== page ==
May 8 2010

My Mother’s Voice

My mother’s voice, all those years, was something to roll my eyes at.

It was a scolding plea to pick up my room, take my papers off the table, move my shoes from the hallway. It was the never-ending question: “How was school today?” Or an occasionally mystified, “what do you mean I didn’t buy the right kind?” The voice of a woman entirely incapable of differentiating Lee from Levis from Wrangler; the voice of a woman who never once in her life wore a pair of jeans.

My mother’s voice, those years, strong and clear in conference rooms and at speaker podiums – an articulate, educated, diplomatic voice. A voice that incited admiration and rarely faltered. A voice I didn’t disbelieve, but yet I couldn’t fully appreciate it. How could I? All listening is selective, especially when there are things we don’t want to hear.

My mother’s voice is now a voice inside my head: a memory, a childhood song, a compliment, a reprimand. It’s a beckoning call from the back porch. It’s a gentle whisper from the other room.

My mother’s voice. I hear it when I speak to my children. Please pick up your toys before the cleaner comes. Please clear your plates when you leave the table. You can’t go out without socks. Now my own voice, that of a mother’s, echoing the voice that once annoyed me as much as it soothed me.

Sometimes I hear my own voice, responding to a sweet prideful request to “watch me!” or “look at this!’ with a half-listening, half-present, “Yes, that’s great.” Once Short-pants said to me, “Mama, do you know what I mean? Are you listening?” Or Buddy-roo, who said to me yesterday, “I’d like you to close your computer, maman.” I am often caught in the act of being distracted and pretending to care: A wake-up call that my voice isn’t always the mothering voice I want to speak with.

Soon enough they will roll their eyes at me.

Now I know what it was that I heard in my mother’s voice: the voice of a woman trying to juggle a full life, a voice answering the call of work, of her colleagues, of her community and of her husband and her children, a voice calling out to herself amidst a grand chorus of voices, a cacophony of demanding, needing, wanting voices. A voice occasionally gasping for air. A voice I recognize differently now, now that it is also my own.

May 5 2010

Food for Thought

There’s wired and then there’s wound up, and you might say I’ve been operating in both categories these last few weeks. The story is the same old tale, threaded through the fragments of my life told again and again on this digital journal: too much to do and not enough hours in the day to do it all.
I could use a month of Sundays and still be behind.

It doesn’t help that in the middle of the usual juggle, an upcoming business trip to a rather exotic country requires a visa for entree, the application of which has cost me more time than I can afford. I could boast that my passport is too full of stamps from all my travels, except the lack of consecutive and completely blank pages created havoc with the process. I was instead directed to go to my own consulate to beg for an insert of extra pages before I could even make an application to go somewhere else. And along the way a dozen little setbacks, enough to make me sweat and swear.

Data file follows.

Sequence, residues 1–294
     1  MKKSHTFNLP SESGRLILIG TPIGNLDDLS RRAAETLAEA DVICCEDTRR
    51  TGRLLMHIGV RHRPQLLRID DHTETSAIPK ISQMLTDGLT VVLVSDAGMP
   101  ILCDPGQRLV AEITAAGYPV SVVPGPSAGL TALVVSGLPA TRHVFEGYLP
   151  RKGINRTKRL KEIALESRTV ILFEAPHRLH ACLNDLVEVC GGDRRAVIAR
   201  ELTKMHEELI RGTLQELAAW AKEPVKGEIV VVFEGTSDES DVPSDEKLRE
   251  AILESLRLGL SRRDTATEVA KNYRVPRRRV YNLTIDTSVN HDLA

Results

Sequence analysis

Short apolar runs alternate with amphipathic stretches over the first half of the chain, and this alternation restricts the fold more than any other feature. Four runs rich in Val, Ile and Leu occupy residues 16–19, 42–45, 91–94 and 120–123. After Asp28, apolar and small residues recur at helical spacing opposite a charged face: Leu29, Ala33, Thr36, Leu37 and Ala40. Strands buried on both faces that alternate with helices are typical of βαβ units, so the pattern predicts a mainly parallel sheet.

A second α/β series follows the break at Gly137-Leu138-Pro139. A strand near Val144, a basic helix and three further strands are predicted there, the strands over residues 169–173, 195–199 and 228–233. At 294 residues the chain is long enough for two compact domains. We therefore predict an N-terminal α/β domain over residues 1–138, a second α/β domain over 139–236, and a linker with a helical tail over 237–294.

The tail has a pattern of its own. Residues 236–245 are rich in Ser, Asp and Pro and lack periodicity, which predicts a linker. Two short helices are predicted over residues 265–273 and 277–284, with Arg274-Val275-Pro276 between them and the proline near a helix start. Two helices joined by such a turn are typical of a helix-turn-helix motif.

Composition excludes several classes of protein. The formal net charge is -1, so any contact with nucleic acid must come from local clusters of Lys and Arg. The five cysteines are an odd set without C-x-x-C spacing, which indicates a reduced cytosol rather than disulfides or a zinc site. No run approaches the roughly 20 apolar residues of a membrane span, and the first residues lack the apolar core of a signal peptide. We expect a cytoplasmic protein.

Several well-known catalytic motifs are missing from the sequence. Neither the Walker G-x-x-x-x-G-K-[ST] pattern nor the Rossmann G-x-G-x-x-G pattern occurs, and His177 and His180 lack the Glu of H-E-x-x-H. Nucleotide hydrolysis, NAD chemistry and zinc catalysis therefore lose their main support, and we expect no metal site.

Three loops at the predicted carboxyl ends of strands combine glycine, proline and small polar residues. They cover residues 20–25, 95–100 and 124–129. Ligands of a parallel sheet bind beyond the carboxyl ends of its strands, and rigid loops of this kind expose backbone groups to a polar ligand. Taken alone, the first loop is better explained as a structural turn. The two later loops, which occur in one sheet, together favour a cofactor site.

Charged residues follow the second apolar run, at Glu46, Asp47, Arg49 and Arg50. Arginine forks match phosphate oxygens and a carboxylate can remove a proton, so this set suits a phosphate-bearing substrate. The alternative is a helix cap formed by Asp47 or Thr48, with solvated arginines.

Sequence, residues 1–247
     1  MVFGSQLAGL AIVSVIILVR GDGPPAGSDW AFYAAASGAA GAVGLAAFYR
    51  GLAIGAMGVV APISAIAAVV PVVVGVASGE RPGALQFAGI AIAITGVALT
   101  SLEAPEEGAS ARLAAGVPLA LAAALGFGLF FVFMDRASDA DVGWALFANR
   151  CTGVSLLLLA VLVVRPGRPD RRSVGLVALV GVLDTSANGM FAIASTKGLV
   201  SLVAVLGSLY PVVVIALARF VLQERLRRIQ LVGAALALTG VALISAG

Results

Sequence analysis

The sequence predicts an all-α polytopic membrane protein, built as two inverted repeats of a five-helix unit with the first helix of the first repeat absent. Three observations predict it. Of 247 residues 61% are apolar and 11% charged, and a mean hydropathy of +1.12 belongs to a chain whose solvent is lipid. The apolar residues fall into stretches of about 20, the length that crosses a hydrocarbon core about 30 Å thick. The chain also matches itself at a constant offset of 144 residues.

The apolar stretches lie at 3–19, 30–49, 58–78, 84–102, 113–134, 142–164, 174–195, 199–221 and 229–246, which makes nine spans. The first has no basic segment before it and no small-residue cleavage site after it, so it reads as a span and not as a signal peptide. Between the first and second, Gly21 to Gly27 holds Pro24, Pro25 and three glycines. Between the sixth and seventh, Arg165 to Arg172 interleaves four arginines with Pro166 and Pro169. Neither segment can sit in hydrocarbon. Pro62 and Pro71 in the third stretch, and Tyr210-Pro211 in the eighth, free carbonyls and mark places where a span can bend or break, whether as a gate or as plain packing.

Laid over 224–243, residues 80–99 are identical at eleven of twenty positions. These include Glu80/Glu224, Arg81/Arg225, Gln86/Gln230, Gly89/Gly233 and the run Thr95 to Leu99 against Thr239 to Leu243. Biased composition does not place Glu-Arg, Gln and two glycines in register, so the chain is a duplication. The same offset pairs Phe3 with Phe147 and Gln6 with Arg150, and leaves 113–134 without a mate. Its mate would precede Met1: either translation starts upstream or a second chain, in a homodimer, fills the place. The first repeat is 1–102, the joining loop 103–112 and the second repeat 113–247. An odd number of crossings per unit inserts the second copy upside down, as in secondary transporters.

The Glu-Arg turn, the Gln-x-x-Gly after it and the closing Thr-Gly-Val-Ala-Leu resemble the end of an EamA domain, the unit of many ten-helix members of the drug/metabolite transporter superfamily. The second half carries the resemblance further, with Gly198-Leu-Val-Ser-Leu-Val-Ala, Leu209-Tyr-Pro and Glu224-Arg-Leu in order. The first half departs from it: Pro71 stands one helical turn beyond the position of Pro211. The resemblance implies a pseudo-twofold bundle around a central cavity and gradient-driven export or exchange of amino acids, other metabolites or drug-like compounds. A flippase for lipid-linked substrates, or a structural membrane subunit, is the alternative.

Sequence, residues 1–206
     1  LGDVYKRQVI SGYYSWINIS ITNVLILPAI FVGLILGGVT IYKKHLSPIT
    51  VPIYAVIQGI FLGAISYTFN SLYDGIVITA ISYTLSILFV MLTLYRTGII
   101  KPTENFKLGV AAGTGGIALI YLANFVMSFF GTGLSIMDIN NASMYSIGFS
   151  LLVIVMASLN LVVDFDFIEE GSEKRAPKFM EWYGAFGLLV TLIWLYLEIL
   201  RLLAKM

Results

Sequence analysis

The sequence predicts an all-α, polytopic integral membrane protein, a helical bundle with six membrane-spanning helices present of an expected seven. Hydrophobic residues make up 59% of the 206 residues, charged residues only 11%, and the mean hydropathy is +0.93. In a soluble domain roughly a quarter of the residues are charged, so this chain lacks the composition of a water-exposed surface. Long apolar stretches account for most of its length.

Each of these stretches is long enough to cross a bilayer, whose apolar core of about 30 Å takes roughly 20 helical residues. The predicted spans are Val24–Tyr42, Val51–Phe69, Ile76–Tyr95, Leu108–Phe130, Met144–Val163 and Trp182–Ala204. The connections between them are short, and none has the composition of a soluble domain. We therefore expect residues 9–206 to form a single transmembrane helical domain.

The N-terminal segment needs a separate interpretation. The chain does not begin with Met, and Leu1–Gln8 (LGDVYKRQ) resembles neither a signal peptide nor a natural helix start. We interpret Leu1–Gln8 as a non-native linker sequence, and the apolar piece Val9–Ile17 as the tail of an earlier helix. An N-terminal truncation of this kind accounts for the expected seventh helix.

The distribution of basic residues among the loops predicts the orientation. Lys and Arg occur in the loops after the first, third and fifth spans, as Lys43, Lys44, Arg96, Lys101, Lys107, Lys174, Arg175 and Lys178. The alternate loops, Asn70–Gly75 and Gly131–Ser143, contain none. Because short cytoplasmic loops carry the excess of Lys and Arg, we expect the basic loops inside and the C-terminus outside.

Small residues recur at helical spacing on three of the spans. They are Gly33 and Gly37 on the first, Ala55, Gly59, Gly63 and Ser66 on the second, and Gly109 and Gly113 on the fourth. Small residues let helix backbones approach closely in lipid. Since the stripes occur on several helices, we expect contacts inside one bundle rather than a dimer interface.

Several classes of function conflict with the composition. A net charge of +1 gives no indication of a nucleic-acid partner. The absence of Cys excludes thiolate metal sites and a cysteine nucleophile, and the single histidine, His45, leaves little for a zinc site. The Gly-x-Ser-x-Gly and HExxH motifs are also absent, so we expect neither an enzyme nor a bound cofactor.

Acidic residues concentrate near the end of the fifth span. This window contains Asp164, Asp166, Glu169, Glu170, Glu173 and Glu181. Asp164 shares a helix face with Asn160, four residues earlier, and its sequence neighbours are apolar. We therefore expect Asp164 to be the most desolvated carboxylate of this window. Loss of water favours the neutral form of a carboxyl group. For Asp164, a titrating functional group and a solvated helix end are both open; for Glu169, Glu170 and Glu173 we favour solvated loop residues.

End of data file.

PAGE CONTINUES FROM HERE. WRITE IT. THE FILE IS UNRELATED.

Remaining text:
But I know that all work and no play makes me a dull boy, and so in honor of cinco de mayo, I treated myself – and a friend – to a fish pedicure, a most extraordinary beauty treatment that involves allowing a hundred little fish to nibble at your feet.

It started as a bit of a dare: my friend sent this link to me, knowing that I’d take the bait. I organized dual appointments so we could sit side by side and compare notes during the treatment.

Peering into the tank of tiny and apparently ravenous poissons, I must admit my hesitancy before plunging my pieds nus into the school of tiny garrarufa fish. They swarmed around my feet; there was no hesitation on their part to start munching away at the callouses on my toes and heels and ankles – and on the skin all over my feet, for that matter.

It was slightly irritating at first – unsettling more than anything else. But after adjusting to this sensation of something actually eating your feet, well, it was interesting. A bit like tickling. Or more like a continuous series of little electric shocks. Not really pleasant, but not entirely unpleasant, either.

Twenty minutes later my feet were as soft as they’ve ever been. All the little pieces of dead skin chewed away by little minnow-like friends. Twenty minutes later, I forgot about all the time I wasted on that silly visa. Things are in motion, it will all work out. Twenty minutes later I was unwound and unwired. And funny how everything on my list could wait.